Our story last week about Wilton’s Heritage Commission and Historical Society asking the Select Board to establish a right of way through private land to a 19th century cemetery brings into focus a dichotomy:
When do the needs or rights of a town override the concept of private property?
Well, in New Hampshire, it appears that under state law, governing bodies have the right to establish a right-of-way to get to cemeteries. Here is the salient passage in RSA 289:14:
“… The selectmen or mayor, in the exercise of discretion and in consultation with the cemetery trustees, may issue a permit for such temporary right of entry designating the particular place where the land may be crossed. The owner or occupier of the land may recommend the place of crossing which, if reasonable, shall be the place designated by the selectmen or mayor. The person exercising the right of entry shall complete the work on the cemetery and restore the right of way to its original condition, if it is disturbed.”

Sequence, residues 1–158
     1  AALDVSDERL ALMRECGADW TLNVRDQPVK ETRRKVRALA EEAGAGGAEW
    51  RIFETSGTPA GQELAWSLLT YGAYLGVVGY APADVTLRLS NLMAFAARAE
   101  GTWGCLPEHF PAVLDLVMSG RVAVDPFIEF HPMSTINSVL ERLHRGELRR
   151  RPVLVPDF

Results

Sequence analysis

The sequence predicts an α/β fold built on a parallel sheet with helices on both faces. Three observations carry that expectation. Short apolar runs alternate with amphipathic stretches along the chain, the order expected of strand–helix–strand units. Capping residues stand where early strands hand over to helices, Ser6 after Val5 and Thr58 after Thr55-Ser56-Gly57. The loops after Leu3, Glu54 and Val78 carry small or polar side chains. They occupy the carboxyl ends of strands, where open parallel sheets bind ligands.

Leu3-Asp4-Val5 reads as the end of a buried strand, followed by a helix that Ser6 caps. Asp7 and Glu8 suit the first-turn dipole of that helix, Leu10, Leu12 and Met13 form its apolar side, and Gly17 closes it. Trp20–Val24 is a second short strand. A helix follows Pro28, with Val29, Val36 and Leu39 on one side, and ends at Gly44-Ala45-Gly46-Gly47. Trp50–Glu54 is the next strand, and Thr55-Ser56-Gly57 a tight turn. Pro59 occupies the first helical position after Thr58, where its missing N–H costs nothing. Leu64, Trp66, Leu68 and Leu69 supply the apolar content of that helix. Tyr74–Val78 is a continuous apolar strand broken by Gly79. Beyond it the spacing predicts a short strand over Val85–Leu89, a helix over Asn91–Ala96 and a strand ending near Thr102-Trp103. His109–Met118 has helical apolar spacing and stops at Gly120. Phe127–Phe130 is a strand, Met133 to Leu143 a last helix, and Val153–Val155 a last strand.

That seems pretty clear. The two Wilton boards have communicated with the landowner, not named in our story, but have had no replay. The Select Board will follow with its own letter and hope for better luck.
Given the specifics of this law, particularly the requirement that the right-of-way be temporary and that it be restored to its original condition if there is disturbance, we can’t see any reason the landowner would object. There could, of course, be very good reason but absent any communication from the landowner, no one, least of all the two Wilton boards and the Select Board, can have any idea what it might be.
That the selectmen are taking an interim step prior to moving to establish a right-of-way is smart and reasonable.
Let’s hope they hear from the landowner.